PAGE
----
Defendant returns to New Zealand to plead guilty to fraud

Published

Simon Lawrence Wood Turnbull appeared in the Auckland District Court today to plead guilty to Crimes Act charges laid by the Serious Fraud Office (SFO).

Mr Turnbull pleaded guilty to 16 charges of ‘Obtaining by deception or causing loss by deception'.

The charges related to a period between September 2006 and August 2007 when Mr Turnbull was involved in a mortgage fraud where false loan applications were submitted to a fund management company to purchase 16 properties in and around the Auckland region. The charges were initially laid in November 2014, however, Mr Turnbull failed to appear at his first court date and after spending some time living overseas, Mr Turnbull surrendered voluntarily when he returned to New Zealand in June this year.

SFO Director, Julie Read said, "Mortgage fraud is taken seriously by the SFO. In a housing market which has enough challenges for the honest buyer, further costs to borrowing because of other people's dishonesty is not acceptable. The SFO welcomes the guilty plea today."

In February 2014, Malcolm Mayer was sentenced to six years' imprisonment for his role in the fraud.

Mr Turnbull will reappear for sentencing on 18 November.

ENDS

For further media information

Andrea Linton
Serious Fraud Office
027 705 4550

Note to editors

Background to investigation

Simon Lawrence Wood Turnbull departed New Zealand on a flight to Hong Kong on 24 March 2008 and did not return until 8 June 2016.

Crimes Act offences

Section 240 Obtaining by deception or causing loss by deception
(1) Every one is guilty of obtaining by deception or causing loss by deception who, by any deception and without claim of right,-
(a) obtains ownership or possession of, or control over, any property, or any privilege, service, pecuniary advantage, benefit, or valuable consideration, directly or indirectly; or
(b) in incurring any debt or liability, obtains credit; or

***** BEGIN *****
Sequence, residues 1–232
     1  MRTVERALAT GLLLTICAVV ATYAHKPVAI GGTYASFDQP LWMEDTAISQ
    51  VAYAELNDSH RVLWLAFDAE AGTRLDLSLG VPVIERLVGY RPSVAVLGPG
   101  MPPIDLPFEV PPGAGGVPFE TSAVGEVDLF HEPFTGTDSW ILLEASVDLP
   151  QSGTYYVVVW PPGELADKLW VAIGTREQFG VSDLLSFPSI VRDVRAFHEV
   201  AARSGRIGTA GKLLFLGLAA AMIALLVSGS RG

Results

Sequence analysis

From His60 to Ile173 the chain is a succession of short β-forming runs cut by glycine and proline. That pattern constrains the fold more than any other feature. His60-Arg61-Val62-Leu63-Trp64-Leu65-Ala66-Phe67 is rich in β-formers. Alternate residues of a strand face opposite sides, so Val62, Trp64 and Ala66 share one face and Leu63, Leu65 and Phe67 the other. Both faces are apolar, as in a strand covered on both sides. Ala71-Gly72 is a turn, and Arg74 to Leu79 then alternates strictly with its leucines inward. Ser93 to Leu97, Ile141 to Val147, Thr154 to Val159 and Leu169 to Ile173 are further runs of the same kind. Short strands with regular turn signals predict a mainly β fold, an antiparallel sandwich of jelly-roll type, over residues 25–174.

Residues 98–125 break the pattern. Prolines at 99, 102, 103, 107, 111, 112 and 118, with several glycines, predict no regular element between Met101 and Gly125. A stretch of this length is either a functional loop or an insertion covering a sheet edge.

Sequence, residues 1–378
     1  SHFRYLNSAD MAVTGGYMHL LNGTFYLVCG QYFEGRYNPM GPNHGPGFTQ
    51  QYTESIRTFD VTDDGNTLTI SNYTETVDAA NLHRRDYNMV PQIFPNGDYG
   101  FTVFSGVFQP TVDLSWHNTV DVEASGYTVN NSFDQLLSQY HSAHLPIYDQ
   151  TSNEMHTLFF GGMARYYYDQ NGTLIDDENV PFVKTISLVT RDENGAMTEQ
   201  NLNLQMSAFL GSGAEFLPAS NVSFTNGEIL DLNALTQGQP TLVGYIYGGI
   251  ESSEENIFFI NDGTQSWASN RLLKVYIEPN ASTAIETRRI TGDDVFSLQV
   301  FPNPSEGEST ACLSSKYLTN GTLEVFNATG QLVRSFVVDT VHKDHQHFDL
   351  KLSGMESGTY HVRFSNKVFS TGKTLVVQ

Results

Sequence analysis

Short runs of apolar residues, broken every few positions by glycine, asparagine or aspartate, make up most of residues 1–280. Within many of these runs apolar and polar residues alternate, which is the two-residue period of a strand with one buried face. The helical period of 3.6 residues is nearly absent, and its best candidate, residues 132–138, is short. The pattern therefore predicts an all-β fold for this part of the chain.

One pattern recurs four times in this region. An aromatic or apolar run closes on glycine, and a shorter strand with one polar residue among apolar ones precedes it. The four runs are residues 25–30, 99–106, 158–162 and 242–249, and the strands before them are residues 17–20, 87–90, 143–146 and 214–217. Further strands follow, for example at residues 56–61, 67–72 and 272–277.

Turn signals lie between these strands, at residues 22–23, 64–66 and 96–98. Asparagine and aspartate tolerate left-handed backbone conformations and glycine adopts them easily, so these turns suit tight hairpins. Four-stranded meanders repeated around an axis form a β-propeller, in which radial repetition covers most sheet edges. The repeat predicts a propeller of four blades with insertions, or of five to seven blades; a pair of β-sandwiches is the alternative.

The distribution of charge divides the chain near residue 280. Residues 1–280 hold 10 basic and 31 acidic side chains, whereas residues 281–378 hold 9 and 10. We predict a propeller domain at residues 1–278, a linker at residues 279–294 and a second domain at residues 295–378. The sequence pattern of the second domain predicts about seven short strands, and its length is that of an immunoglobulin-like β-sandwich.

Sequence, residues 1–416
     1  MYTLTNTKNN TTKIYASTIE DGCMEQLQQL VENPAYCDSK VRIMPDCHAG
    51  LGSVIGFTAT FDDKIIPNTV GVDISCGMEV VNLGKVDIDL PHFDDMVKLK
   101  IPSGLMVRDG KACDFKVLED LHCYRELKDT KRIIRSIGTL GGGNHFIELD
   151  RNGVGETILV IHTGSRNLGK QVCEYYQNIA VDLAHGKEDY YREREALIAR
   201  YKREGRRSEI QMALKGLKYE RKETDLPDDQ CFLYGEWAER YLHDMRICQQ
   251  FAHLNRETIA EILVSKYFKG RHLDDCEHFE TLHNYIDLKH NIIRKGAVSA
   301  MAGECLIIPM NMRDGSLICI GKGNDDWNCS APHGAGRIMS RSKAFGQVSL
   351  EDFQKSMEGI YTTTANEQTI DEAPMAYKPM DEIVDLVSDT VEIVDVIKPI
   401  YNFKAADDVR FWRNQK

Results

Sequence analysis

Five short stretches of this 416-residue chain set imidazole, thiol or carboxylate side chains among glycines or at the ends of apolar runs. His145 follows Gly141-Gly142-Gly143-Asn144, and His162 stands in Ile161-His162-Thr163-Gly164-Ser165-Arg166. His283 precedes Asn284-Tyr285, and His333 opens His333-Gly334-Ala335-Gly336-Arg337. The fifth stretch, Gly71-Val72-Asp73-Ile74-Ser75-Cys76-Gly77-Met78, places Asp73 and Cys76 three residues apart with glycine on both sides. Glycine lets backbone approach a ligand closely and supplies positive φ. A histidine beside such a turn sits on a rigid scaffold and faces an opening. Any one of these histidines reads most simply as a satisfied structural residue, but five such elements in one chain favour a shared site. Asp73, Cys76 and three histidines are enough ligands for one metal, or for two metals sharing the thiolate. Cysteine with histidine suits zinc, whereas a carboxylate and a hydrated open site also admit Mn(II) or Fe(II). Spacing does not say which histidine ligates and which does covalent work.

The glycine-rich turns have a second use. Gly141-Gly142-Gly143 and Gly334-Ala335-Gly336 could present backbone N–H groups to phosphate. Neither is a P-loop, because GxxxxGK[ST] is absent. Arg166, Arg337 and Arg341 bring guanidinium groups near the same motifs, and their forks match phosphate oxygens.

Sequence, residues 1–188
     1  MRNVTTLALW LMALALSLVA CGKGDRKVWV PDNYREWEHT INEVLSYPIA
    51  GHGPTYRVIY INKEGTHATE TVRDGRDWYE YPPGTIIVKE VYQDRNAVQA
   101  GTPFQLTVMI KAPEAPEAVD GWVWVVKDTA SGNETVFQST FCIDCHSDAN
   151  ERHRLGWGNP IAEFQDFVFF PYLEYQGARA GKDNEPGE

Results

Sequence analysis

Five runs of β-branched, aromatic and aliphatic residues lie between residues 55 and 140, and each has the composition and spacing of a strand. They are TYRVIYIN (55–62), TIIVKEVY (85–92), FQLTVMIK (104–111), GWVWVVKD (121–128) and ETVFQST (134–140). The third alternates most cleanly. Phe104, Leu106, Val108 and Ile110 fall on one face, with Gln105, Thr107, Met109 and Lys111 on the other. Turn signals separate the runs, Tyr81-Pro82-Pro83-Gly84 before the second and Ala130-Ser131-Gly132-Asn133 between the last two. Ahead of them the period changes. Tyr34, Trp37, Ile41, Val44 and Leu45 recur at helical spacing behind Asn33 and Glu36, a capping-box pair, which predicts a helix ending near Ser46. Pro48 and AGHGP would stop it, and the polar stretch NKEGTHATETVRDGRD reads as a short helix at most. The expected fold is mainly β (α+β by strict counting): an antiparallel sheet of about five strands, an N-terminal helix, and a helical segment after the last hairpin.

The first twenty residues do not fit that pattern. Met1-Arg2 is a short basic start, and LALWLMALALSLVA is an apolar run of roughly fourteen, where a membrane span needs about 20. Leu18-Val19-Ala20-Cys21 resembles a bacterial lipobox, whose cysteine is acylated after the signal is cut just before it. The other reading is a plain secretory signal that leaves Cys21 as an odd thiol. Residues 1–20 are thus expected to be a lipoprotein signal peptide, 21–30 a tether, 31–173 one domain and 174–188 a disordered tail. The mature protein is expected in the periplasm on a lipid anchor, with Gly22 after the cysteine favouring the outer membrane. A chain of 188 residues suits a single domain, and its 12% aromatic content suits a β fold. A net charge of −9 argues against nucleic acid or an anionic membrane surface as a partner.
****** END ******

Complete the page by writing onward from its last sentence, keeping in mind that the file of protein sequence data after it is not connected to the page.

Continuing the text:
(c) induces or causes any other person to deliver over, execute, make, accept, endorse, destroy, or alter any document or thing capable of being used to derive a pecuniary advantage; or
(d) causes loss to any other person.

(1A) Every person is liable to imprisonment for a term not exceeding 3 years who, without reasonable excuse, sells, transfers, or otherwise makes available any document or thing capable of being used to derive a pecuniary advantage knowing that, by deception and without claim of right, the document or thing was, or was caused to be, delivered, executed, made, accepted, endorsed, or altered.

(2) In this section, deception means-
(a) a false representation, whether oral, documentary, or by conduct, where the person making the representation intends to deceive any other person and-
(i) knows that it is false in a material particular; or
(ii) is reckless as to whether it is false in a material particular; or
(b) an omission to disclose a material particular, with intent to deceive any person, in circumstances where there is a duty to disclose it; or
(c) a fraudulent device, trick, or stratagem used with intent to deceive any person.

About the SFO

The SFO was established in 1990 under the Serious Fraud Office Act in response to the collapse of financial markets in New Zealand at that time.

The SFO's role is the detection, investigation and prosecution of serious or complex financial crime. The SFO's focus is on investigating and prosecuting criminal cases that will have a real effect on:

  • business and investor confidence in our financial markets and economy
  • public confidence in our justice system and public service
  • New Zealand's international business reputation.

The SFO operates three operational teams; the Evaluation and Intelligence team along with two investigative teams.

The SFO operates under two sets of investigative powers.

Part 1 of the SFO Act provides that it may act where the Director "has reason to suspect that an investigation into the affairs of any person may disclose serious or complex fraud."

Part 2 of the SFO Act provides the SFO with more extensive powers where: "...the Director has reasonable grounds to believe that an offence involving serious or complex fraud may have been committed..."

In considering whether a matter involves serious or complex fraud, the Director may, among other things, have regard to:

  • the suspected nature and consequences of the fraud and/or;
  • the suspected scale of the fraud and/or;
  • the legal, factual and evidential complexity of the matter and/or;
  • any relevant public interest considerations.

The SFO's Annual Report 2015 sets out its achievements for the past year, while the Statement of Intent 2014-2018 sets out the SFO's strategic goals and performance standards. Both are available online at www.sfo.govt.nz